Growing almonds in California takes more than half of the commercial honeybees in the US, meaning they have to be temporarily shipped in from almost every other state.

Growing California almonds takes more than half of US honeybees

Growing California almonds takes more than half of US honeybees00:0000:0015:48GO LIVEFacebookTwitterEmailEmbedSpeedNormalAutoplayCopy and paste to share this videoCopy and paste to embed this video

— — It can be hard to see how important honeybees are to daily life. Just by looking at fully grown oranges, apples and almonds, the honeybee wouldn’t necessarily get marquee credit for their growth.

But, bees pollinate around 70 percent of the world’s crops, according to Cornell University, and without them, there’s no easy way to pollinate the fresh foods that need to be grown and harvested.

The vast farming operations around the country keep bees in high demand almost year-round and it’s up to commercial bee keepers to make sure f… Continue Reading (3 minute read)

10 thoughts on “Growing almonds in California takes more than half of the commercial honeybees in the US, meaning they have to be temporarily shipped in from almost every other state.”

  1. Riptide360

    Our love of almonds has allowed many to replace dairy (almond milk), gluten (almond flour) and peanut allergy (almonds). It has been a decade of boon for Almonds.

    The dark side? Almond trees are cruel providers of nectar. There isn’t much nectar so bees can go hungry and what nectar there is makes for bitter honey unfit for anything other than baking (most beekeepers let the bees keep this honey). Bee colonies are weakened from the ordeal and are susceptible to diseases and pesticides that a healthy colony could shake off. Worse is that all the hive shipping to and from California allows for large disease spread (like when they get shipped to Washington’s Apple season).

  2. imersial

    Time to switch to oat milk

  3. swampcholla

    20 years ago I started making several trips per year from the east side of the Sierras to Buttonwillow, which is now the heart of Almond (and Pistachio) country. Back then there was one yard that took in almonds and shelled them. Still pretty impressive – about a 200 yard of pile of almonds 40 feet high. Most of the crop around there then was cotton.

    Then there was a pretty big drought. The state water project cut off water to farms with annual crops. So the farmers stopped planting cotton and started planting trees, because there’s no loss to shutting water off to an unplanted field, but the state has to keep the water flowing to tree farms. Now, as you drive up the central valley there are probably a dozen selling yards that are several times larger than that initial one. Nobody actually needs that many nuts – that’s whey there are big advertising campaigns for pistachios and almonds, and all the almond products you’ve never seen before. the farmers just wanted assured income.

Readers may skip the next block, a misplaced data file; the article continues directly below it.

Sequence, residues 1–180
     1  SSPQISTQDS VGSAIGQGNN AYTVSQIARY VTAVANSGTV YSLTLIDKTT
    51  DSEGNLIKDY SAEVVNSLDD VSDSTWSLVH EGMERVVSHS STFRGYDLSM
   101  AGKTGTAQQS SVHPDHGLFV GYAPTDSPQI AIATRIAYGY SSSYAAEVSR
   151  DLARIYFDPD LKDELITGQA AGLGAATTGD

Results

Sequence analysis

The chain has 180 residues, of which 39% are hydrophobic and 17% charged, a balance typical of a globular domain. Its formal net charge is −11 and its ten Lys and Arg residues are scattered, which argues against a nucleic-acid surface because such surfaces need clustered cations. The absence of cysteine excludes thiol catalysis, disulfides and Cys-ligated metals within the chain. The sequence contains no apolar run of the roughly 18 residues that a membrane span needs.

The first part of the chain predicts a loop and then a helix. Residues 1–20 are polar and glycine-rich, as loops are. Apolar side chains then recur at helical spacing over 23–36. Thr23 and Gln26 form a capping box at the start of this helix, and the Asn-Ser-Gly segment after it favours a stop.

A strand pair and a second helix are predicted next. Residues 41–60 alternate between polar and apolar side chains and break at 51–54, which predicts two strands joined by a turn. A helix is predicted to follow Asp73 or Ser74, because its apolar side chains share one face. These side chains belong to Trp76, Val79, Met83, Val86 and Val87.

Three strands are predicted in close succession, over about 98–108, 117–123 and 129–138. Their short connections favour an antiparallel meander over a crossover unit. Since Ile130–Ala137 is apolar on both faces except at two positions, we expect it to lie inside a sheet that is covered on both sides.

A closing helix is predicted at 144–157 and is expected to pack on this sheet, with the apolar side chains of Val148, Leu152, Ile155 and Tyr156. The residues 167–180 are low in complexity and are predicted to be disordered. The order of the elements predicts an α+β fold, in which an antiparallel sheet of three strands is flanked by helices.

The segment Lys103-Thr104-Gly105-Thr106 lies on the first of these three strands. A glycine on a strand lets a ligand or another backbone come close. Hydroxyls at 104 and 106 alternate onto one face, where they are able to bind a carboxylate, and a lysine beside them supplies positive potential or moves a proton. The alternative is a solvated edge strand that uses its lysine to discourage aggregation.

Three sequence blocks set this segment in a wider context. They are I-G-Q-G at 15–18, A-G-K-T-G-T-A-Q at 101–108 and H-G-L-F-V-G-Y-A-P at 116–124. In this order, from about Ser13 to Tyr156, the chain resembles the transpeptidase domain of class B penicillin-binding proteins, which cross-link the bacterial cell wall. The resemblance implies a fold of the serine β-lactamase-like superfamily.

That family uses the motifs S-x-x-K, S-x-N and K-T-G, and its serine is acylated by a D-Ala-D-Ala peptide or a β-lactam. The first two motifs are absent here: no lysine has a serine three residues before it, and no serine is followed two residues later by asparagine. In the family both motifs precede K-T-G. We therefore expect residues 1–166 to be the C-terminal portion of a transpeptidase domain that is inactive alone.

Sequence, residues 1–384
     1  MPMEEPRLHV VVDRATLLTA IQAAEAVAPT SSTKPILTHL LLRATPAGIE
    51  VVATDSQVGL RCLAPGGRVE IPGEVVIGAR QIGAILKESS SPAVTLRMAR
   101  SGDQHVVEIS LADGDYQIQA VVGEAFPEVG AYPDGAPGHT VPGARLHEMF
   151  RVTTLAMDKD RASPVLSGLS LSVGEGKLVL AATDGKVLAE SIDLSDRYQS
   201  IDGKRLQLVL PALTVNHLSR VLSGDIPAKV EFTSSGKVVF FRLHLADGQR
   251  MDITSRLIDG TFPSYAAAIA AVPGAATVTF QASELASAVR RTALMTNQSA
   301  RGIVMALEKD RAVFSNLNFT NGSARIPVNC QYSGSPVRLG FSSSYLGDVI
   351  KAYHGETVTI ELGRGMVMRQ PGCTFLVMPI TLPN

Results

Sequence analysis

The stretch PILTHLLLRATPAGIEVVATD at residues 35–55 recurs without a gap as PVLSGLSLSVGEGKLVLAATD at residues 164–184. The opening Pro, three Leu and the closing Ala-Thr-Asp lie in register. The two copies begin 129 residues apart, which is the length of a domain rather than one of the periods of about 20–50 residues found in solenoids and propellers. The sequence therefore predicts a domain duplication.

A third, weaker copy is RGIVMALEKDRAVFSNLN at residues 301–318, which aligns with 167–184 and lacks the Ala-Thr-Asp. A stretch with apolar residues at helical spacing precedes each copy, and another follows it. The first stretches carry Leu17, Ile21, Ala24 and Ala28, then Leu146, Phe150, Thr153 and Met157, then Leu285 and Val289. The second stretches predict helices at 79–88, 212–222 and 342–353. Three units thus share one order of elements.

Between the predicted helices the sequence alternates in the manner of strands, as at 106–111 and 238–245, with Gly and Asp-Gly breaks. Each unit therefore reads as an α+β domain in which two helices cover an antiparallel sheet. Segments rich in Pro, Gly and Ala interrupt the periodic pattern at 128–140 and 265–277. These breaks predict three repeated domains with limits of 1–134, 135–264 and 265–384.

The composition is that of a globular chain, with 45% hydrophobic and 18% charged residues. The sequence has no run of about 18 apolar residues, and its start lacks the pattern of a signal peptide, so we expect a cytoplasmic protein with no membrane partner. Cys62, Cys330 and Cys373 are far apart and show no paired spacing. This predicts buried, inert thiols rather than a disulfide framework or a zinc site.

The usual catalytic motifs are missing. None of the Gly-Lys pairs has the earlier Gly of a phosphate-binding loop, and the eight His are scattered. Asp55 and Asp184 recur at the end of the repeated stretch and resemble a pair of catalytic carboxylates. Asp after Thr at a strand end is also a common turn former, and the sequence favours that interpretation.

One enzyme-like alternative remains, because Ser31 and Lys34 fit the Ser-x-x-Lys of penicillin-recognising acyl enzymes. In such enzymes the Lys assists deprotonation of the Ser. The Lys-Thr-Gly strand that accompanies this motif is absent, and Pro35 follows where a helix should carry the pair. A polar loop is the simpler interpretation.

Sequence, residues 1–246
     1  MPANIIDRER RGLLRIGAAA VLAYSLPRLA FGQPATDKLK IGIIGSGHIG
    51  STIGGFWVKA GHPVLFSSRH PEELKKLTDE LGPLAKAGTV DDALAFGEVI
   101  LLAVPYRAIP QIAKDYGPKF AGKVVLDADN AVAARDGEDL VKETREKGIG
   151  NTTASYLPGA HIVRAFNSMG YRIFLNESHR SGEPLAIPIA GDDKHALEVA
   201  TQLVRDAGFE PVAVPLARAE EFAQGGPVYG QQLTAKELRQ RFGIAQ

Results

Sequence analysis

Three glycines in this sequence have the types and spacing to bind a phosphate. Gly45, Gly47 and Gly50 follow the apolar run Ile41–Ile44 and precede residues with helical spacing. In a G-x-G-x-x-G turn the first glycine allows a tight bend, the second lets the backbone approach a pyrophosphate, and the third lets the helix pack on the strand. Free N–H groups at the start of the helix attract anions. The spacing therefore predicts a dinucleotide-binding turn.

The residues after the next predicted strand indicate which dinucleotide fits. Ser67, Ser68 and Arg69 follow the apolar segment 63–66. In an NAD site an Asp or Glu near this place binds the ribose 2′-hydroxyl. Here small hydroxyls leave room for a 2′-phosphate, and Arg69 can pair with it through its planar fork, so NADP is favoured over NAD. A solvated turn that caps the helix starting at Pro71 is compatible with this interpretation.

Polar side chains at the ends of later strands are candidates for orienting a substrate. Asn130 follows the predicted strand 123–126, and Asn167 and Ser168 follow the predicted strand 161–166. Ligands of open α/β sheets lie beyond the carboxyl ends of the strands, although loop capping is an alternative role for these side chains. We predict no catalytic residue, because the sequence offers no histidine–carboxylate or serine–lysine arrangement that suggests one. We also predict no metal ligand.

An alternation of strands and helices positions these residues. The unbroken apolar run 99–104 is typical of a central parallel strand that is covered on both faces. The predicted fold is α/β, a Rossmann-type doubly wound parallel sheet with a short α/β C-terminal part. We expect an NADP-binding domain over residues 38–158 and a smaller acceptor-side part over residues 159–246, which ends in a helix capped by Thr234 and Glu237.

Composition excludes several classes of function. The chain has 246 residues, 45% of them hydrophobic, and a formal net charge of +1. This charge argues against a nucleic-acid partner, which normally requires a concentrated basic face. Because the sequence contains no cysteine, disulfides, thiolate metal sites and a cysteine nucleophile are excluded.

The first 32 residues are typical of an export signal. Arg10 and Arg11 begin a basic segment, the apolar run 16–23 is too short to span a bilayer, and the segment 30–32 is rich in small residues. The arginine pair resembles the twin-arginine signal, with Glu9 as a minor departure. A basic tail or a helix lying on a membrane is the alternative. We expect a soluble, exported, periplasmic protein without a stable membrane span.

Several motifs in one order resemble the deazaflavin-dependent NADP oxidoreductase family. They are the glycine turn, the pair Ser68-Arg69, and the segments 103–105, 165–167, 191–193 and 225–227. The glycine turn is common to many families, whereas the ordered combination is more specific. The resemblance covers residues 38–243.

One of the biggest robber barons over there are the folks that own the Wonderful Company. they re the folks behind POM – as well as a bunch of water issues. They are backing an asshole who came to our desert town and planted 1500 acres of pistachios and then started draining the aquifer, threatening the livelihood of 36,000 people.

  4. MarvinLazer

    I bet there will be loads of “bio robots” in the future that fill ecological niches from animals and plants we’ve driven to extinction. Super sad but also kinda cool?

  5. buddhistbulgyo

    Switch to oatmilk and drop almond milk people

  6. rogerslane

    NPR’s Planet Money did a podcast about this topic. It was so interesting.

  7. stokeitup

    It is really something to see a drop deck or flatbed trailer loaded front to back with bee hives. Never got tired of seeing them parked at the California port of entry getting permits checked.

  8. SirGlenn

    Fruit in business since 1907, claims rice, alfalfa and almonds are the 3 crops in CA using the most water, with Almonds using 10% of all water use in CA. Years ago when I lived in CA, I remember some people wanted Alfalfa crops to be restricted to sale in the U.S. only, as much of the water intensive crop is sold across the Pacific, in Asia, and they felt as a drought seemed imminent, Alfalfa sales overseas are little more than sending water across the Pacific. And like 150 years ago, water is still for fighting over.

  9. evilleppy87

    Why aren’t they using leaf-cutter or mason bee boxes? Seems like a waste using honeybees.

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